Phoney business - Caricel cries foul as it prepares to battle to keep mobile licence
With the Government facing increasing pressure over its decision to grant a domestic mobile spectrum licence to Symbiote Investments (which trades as Caricel), the company has gone on the offensive, arguing that it is facing unfair and unjust treatment because it poses a threat to established telecoms providers.
Caricel, the latest player in the local telecommunications market, has also warned the Andrew Holness-led administration that it is prepared to fight to protect the licence which it has been granted.
"Caricel is entitled to protection of its rights in property, and the licences already awarded after it had fully satisfied a protracted and extensive due diligence review, and complied fully with the laws of Jamaica cannot be disturbed without significant financial and legal consequences," declared Minett Lawrence, the company's attorney, in a letter to The Sunday Gleaner.
While not responding directly to claims by Contractor General Dirk Harrison that the Government should have not issued it a licence because of the adverse findings against one of its principals, Lawrence charged that there was more at play than the concerns aired publicly by critics of the deal.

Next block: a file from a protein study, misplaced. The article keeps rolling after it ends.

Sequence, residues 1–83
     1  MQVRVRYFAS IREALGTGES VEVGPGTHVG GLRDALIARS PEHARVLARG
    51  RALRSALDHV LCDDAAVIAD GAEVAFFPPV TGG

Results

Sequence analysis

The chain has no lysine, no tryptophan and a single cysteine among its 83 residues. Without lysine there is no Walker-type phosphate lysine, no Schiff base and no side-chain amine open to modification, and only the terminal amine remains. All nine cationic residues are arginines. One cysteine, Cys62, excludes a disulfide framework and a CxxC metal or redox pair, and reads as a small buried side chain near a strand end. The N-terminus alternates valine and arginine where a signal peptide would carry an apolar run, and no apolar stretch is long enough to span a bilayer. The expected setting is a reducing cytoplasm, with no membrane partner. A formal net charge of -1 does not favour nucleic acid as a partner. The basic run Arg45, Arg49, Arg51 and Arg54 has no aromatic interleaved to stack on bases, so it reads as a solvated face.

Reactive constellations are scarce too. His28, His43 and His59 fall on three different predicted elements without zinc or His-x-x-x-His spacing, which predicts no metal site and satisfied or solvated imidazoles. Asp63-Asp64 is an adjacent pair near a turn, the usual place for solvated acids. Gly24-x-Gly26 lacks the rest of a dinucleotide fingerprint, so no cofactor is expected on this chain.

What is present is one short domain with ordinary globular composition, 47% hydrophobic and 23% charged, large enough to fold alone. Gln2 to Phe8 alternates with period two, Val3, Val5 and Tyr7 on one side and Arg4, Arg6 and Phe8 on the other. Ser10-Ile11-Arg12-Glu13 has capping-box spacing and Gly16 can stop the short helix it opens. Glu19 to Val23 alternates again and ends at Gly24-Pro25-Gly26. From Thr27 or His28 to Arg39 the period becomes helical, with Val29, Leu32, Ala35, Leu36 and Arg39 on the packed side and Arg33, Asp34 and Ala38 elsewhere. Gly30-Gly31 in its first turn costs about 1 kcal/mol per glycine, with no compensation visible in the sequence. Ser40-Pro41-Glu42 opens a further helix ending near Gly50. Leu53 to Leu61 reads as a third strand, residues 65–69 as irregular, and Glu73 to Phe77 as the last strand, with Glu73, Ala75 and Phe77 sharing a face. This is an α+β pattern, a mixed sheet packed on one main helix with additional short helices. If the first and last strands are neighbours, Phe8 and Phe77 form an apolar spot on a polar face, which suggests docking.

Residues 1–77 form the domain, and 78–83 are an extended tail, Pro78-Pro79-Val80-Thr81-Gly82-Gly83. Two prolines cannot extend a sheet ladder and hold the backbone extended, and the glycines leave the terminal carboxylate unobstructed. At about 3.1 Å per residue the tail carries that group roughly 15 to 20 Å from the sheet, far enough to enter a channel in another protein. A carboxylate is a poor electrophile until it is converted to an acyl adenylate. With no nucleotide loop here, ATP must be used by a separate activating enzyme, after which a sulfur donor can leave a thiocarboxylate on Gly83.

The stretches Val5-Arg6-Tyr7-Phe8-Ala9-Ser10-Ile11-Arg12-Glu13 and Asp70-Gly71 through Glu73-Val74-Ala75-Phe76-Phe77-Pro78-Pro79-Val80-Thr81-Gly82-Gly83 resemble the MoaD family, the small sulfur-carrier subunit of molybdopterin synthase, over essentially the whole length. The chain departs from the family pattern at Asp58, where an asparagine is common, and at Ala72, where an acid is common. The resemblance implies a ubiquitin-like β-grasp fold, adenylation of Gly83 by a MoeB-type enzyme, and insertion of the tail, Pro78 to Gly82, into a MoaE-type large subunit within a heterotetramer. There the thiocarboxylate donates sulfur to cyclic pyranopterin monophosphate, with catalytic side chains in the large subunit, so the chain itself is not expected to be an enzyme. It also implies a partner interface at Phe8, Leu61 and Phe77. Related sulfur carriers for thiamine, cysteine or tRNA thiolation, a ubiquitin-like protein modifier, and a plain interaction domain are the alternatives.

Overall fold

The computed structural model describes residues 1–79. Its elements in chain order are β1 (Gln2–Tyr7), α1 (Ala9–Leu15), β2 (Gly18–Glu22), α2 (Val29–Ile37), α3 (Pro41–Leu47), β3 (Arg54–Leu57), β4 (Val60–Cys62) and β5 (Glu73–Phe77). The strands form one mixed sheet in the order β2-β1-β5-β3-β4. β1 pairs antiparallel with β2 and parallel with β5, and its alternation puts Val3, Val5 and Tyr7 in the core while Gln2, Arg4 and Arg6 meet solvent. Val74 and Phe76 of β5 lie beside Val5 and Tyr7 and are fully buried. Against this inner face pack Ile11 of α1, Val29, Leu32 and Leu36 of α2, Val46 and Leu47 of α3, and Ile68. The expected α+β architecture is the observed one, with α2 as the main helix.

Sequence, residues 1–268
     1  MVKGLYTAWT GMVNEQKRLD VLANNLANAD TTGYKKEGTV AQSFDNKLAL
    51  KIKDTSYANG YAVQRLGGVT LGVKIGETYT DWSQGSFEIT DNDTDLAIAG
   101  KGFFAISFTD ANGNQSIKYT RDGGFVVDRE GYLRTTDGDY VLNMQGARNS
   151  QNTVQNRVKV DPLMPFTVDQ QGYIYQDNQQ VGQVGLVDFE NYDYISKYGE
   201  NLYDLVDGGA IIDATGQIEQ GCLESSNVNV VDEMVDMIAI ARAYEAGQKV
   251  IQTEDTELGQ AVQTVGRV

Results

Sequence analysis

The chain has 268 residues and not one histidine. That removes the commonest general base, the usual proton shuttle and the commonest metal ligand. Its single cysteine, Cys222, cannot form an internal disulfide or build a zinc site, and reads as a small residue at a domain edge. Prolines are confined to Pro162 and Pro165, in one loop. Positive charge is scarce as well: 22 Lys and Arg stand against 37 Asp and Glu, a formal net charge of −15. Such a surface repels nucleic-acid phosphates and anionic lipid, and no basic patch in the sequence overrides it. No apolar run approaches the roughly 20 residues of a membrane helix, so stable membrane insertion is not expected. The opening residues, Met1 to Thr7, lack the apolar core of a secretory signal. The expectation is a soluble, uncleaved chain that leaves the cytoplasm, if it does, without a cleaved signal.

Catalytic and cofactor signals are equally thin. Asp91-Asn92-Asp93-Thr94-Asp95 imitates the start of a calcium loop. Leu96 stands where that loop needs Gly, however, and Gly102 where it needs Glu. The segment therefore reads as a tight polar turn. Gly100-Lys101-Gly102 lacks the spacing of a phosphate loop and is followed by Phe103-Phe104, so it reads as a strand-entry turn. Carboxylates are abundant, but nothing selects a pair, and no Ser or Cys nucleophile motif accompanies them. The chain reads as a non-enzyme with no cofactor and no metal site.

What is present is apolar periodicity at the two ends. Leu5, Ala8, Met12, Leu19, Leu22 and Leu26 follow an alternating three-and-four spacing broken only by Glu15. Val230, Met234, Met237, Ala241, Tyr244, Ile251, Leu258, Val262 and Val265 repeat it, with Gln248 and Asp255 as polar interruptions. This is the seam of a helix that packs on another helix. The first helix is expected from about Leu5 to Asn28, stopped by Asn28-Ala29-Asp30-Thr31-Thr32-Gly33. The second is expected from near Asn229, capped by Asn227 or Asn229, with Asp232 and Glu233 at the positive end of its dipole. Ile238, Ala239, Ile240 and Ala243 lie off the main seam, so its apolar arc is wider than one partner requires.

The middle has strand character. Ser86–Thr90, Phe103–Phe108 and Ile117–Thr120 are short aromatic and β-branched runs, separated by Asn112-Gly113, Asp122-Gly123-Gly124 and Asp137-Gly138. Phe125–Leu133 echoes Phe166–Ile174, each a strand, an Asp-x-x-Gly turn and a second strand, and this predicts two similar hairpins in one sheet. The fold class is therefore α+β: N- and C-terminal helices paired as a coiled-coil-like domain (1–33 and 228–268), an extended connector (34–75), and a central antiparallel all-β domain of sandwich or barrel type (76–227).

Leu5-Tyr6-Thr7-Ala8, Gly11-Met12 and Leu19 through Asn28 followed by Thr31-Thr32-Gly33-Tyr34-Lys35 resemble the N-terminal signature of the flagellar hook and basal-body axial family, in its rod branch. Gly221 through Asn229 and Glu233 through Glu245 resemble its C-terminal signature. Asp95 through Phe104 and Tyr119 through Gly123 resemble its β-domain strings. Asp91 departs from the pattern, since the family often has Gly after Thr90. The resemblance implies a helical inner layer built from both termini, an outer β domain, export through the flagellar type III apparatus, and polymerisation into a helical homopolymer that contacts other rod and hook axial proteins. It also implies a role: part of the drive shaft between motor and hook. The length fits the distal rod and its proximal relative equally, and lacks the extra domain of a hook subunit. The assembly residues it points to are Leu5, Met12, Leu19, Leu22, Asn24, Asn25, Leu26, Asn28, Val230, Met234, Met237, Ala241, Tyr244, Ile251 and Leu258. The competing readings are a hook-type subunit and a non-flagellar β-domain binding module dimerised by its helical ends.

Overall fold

"The real issue is that every powerful force has been brought to bear in opposing the very existence of this company," said Lawrence.
Seemingly miffed by Public Affairs Counsellor at the US Embassy in Jamaica Joshua Polacheck claims that the Americans are concerned because a telecoms company can have significant impact on a country's ability to carry out law-enforcement operations, and has national security implications, Lawrence charged that there was no basis for this.
INT'L SECURITY FACADE
"The facade of raising international security issues as a legitimate concern is merely a red herring to distract the public from the real issue; namely, the resistance to competition from a company whose technology will change the communications landscape irreversibly," said Lawrence.
According to Lawrence, Caricel's licence permits mobile data services in Jamaica, which the company will offer "on an LTE advanced platform which is far superior to the GSM technology on which the incumbent operators have built their mobile empire".
With Holness set to hold discussions with the US Embassy about its concerns and the contractor general not easing up on his complaints that the administration ignored his suggestions not to grant Caricel a licence, Lawrence is turning to the public for support.
"Well-thinking Jamaicans should applaud Caricel's efforts and congratulate the Government for allowing the law to take its course, and not yielding to the criticism that this company has had to endure," said Lawrence.